Now when I visit a hospital and see all the machinery and hear all the beeps and noises, I do not have to imagine what it is like to be there in the middle of the night. I have walked across the threshold from hospital visitor or "tourist" to "insider." And it has made me more empathetic. I am holding these insights in my soul and bringing these experiences into our Soaringwords healing tools that will touch millions of ill children and their families and inspire them to "Never give up!"
Three weeks ago, on a bright Saturday morning, I was walking to synagogue. I am a New Yorker, which means I walk fast. I walk with a confident, steady step and I love walking. It's often humorous when I travel to other places (Indianapolis, Chicago, Phoenix and Toronto) people often turn around to see what's coming. I smile and say, "I'm from New York." We usually laugh. On this particular morning, the sun was shining. I was wearing my favorite hat and my black suede platform shoes. Life was good. Suddenly my ankle twisted and I found myself lying on the sidewalk. I picked myself up, wiped the blood off my knee and went into synagogue. My ankle swelled and I left services to get a bag of ice from the store on the corner.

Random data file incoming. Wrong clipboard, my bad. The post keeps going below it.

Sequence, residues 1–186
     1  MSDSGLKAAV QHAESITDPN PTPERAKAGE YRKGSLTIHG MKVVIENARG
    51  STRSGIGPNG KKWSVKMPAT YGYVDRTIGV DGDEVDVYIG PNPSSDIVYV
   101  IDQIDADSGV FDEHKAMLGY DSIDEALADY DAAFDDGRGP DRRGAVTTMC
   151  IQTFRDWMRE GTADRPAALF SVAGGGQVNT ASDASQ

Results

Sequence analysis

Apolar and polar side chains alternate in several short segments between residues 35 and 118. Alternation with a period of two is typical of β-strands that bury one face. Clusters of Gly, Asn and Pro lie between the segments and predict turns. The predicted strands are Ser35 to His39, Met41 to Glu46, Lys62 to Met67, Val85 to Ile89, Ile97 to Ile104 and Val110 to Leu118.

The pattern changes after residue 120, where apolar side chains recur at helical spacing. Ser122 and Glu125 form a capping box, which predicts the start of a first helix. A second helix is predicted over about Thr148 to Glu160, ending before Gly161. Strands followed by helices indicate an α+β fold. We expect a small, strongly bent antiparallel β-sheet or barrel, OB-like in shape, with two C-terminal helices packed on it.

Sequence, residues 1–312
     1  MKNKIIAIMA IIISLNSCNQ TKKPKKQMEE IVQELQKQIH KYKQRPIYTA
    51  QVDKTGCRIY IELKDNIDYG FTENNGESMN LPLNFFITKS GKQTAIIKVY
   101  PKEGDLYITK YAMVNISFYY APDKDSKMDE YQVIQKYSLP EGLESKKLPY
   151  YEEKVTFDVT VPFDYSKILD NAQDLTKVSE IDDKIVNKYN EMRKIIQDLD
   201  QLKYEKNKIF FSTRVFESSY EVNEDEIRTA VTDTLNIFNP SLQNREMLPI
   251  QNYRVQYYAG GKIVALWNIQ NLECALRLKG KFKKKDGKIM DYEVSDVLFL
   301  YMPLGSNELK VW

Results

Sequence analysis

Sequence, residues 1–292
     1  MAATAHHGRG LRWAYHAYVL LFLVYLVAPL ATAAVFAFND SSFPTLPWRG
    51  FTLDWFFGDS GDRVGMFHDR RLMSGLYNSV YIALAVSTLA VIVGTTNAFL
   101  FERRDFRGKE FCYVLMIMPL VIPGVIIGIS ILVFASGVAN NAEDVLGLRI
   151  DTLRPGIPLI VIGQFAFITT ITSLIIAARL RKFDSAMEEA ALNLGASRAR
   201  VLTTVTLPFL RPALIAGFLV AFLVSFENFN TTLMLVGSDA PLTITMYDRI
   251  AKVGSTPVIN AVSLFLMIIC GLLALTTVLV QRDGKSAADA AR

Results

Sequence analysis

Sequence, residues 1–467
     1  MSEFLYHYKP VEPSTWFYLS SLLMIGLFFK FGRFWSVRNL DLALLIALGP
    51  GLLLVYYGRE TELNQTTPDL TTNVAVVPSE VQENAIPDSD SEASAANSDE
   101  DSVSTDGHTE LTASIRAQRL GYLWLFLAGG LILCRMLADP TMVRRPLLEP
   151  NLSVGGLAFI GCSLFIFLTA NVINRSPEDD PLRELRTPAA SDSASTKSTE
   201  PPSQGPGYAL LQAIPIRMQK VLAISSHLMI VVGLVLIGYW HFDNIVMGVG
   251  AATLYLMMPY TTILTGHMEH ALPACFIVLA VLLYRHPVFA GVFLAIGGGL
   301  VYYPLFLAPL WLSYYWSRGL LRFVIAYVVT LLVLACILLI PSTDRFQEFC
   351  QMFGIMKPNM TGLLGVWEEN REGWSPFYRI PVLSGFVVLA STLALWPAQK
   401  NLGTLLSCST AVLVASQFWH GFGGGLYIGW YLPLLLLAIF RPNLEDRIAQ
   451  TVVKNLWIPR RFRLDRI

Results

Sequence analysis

Two days later, following persistent phone calls to numerous doctors. Thanks to the kindness of the receptionist who squeezed me in for an emergency appointment with Dr. Elliot, a leading orthopedic surgeon, I discovered that I did, in fact, have a broken foot. The prognosis is a complete recovery after wearing a boot for six weeks. As I sign the bill, an older woman on crutches enters the discharge area. I look up and say, "Would you like to sit down?" She smiles sweetly and says, "No thanks honey, you're damaged goods, just like me." I was horrified. Her comment reverberated off the walls of my brain all day.
She just called me damaged goods. She was making a joke and thought that it was funny. She seemed like a lovely person with a twinkle in her eye. She did not say it maliciously. Its OK that she was poking fun at her situation, but it actually isn't OK that she was telling a stranger that they were "damaged goods." One of Soaringwords' goals is to educate people on the right things to do and say that are actually helpful for children and adults who are confronted with illness since there are so many examples of people unintentionally saying truly hurtful things. I invite you to send me your suggestions for things that people should and shouldn't say to someone who is going through illness, based on your insights and experiences with illness so I could share them on www.soaringwords.org. Your contributions will help families and patients feel more supported and less isolated.